In his research Dr. Lisk found that 80% of people in rehab, addiction, pornography & recovery programs he interviewed had been sexually abused. Maybe it's time to start taking a look at some of the roots and not just the fruit or the symptoms.
(1) confrontive, where you handle the problems straight on; (2) emotive, in which emotions are used; and (3) palliative, any attempts to address problems are avoided. Unfortunately, many male survivors chose palliative. Interestingly some findings report that the trauma of sexual abuse is more distressful for males than females because we attempt to avoid our hidden truth.
MCSA in boys has been linked to increased maladaptive alcohol use. Substance abuse, alcohol being a prominent drug, often is chosen as the self-medicating liquid to help repress any memories of the abuse. By drinking we hope to cover our inability to trust others, to be vulnerable, to admit we feel powerless, have lost sense of identity, or admit gender identities issues
In life coaching over the internet or at the retreat, I often encounter survivors with anger directed inwardly for allowing the abuse to occur, for not protecting oneself which serves as a catalyst for feelings of isolation and powerlessness. Typically I observe four types of anger; (1) against self, (2) against caregiver (e.g., parents, guardian), (3) perpetrator, and (4) God for those with Christian religious beliefs. Interestingly, in faith-based communities, anger is not embraced, but frowned up. The divine directive to be angry when injustice and un- righteousness occur is ignored and dumb-down. This often complicates the issue of sexual abuse.
In my own personal qualitative study there also seems to be a relationship with abuse risky sexual practices for CSA survivors. Research studies also have confirmed. Many of the abused men report that heavy pornography use. Others report vicarious sexual escapades followed by heavy drinking to block out the pain of the abuse while alleviating the guilt of sleeping with multiple sex partners. The intoxicated state lends to risky sexual decision making. One participant stated, “It makes it easier to forget the damage you know are creating for yourself and other person.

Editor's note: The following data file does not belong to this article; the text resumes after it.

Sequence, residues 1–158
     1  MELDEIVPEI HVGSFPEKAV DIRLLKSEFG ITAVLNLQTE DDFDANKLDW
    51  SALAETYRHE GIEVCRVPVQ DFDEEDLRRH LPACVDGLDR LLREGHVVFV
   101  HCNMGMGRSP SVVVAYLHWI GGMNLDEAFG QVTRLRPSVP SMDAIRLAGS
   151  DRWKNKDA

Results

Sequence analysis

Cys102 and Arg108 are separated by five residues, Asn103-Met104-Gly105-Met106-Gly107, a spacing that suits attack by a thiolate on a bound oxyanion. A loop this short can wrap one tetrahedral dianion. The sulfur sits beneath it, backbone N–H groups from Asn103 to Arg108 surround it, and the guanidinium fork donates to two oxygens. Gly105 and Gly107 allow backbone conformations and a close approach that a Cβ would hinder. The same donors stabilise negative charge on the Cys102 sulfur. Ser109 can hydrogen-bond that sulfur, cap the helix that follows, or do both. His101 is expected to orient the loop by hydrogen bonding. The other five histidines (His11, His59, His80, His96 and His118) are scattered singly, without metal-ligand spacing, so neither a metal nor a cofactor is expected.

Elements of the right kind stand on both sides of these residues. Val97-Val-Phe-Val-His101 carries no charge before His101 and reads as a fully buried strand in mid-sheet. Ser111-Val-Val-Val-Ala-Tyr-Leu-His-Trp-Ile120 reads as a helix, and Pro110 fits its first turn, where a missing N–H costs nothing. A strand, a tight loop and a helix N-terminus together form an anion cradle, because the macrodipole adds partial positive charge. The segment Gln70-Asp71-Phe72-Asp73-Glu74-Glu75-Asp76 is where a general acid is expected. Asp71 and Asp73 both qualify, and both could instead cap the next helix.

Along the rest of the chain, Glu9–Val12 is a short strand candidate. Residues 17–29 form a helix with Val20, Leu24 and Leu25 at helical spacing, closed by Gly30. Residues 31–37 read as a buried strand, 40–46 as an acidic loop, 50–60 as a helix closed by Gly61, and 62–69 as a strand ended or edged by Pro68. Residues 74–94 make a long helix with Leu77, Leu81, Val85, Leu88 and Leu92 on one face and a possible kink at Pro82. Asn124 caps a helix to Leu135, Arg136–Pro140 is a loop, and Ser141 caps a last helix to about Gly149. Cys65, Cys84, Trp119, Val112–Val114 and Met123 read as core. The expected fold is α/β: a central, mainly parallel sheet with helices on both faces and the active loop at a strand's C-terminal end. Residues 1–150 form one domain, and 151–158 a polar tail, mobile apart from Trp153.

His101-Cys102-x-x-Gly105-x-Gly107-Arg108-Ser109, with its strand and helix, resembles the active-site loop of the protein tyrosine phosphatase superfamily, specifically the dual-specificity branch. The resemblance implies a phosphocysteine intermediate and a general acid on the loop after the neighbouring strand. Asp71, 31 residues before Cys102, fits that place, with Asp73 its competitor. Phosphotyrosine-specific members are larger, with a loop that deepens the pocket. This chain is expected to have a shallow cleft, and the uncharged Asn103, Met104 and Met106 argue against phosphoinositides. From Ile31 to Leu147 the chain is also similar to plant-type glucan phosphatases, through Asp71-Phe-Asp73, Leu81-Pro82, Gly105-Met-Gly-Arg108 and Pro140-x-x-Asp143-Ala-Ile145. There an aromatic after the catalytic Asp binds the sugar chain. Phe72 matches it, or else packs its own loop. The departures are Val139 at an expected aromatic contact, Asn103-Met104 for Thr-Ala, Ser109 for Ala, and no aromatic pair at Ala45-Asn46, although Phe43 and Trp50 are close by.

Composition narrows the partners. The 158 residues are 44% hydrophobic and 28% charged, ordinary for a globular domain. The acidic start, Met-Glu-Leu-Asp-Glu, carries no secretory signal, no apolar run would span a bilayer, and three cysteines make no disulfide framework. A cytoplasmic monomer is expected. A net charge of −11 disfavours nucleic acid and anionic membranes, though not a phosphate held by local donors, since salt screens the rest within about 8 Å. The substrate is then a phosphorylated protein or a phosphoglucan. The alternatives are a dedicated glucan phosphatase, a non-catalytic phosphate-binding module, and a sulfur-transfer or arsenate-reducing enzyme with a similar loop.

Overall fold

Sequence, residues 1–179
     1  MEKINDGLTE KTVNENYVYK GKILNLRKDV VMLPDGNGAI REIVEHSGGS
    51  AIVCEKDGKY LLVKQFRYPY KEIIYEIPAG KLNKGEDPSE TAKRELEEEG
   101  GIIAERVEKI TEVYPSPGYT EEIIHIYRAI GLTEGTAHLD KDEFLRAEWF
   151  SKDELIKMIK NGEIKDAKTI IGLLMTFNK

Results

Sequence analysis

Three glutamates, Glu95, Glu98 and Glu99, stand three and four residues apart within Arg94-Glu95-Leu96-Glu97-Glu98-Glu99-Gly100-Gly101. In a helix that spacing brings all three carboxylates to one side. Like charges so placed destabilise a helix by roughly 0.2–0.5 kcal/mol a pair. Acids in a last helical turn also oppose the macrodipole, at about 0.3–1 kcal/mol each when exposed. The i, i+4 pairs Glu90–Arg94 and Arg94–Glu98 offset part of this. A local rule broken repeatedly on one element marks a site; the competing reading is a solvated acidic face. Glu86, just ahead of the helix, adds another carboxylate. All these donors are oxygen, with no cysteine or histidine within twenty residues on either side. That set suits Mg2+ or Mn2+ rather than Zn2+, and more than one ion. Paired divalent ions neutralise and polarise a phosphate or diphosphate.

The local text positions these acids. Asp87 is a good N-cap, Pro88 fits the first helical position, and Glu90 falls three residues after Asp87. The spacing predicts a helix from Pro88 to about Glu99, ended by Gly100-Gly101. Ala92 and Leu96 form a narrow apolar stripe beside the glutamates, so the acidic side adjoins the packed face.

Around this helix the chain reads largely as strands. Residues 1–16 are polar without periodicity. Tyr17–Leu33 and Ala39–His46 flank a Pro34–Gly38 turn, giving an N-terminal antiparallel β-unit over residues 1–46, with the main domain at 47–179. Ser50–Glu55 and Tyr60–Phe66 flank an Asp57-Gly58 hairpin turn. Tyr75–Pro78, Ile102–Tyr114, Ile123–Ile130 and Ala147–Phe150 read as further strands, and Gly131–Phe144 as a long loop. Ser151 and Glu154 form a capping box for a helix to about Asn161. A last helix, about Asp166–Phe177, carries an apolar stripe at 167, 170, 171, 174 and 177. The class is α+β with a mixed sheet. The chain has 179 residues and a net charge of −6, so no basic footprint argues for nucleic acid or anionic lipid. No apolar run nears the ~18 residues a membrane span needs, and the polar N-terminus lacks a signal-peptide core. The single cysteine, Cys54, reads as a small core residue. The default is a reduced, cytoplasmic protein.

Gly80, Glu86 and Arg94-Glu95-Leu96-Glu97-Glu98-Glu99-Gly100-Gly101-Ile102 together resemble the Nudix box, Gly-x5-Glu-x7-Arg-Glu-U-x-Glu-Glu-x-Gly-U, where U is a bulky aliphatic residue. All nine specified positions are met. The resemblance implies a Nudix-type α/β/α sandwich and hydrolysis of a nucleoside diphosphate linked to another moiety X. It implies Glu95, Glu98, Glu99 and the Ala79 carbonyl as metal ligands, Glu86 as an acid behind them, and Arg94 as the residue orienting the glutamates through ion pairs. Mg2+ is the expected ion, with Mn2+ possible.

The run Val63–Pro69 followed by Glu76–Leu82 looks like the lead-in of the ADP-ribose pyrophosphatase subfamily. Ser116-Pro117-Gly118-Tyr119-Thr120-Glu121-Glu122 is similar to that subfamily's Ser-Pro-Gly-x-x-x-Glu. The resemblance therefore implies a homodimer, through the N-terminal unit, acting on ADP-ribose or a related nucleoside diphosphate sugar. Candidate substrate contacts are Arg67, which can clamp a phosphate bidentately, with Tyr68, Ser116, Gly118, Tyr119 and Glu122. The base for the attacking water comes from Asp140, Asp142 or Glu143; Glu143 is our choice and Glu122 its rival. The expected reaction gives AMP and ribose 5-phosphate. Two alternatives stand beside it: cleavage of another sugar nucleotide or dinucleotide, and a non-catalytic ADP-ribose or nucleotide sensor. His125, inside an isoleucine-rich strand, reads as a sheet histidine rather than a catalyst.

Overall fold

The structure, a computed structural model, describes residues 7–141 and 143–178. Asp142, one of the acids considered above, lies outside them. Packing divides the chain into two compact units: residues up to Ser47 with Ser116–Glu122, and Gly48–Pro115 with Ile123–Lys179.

On a piece of paper write down all the coping strategies you use or have used to deal with the CSA. Circle the ones that have been ef- fective and those that have been detrimental. How are you doing?
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""Before Thomas, I had been in therapy for 10+ years. Moving from therapist to therapist with not much hope. I had to give so much to my therapist and counselor before I could get anything back from them.
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- Scott from Bellingham, WA -
"Research on coaching is clear and consistent. Coaching is most successful when applied to people with potential who want to improve — not when applied to people who have no interest in changing. This is true whether you are acting as a professional coach, a manager, or a friend.
Your time is very limited. The time you waste coaching people who do not care is time stolen from people who want to change."
- Marshal Goldman,
Leadership Studies Center
"For me it's more than just getting the word out that boys are sexually abused also. It's about helping the boys who are now grown men make that journey towards reclaiming their life."
now based in Sacramento, California
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Sexual Trauma Destructive Coping Strategies
Studies report that male victims of sexual abuse often use externalizing or internalizing coping strategies. You are probably asking yourself “What’s the difference?” Internalizing is considered emotional and expressive techniques. External copying strategies include aggression and antisocial behavior. These strategies can take on several forms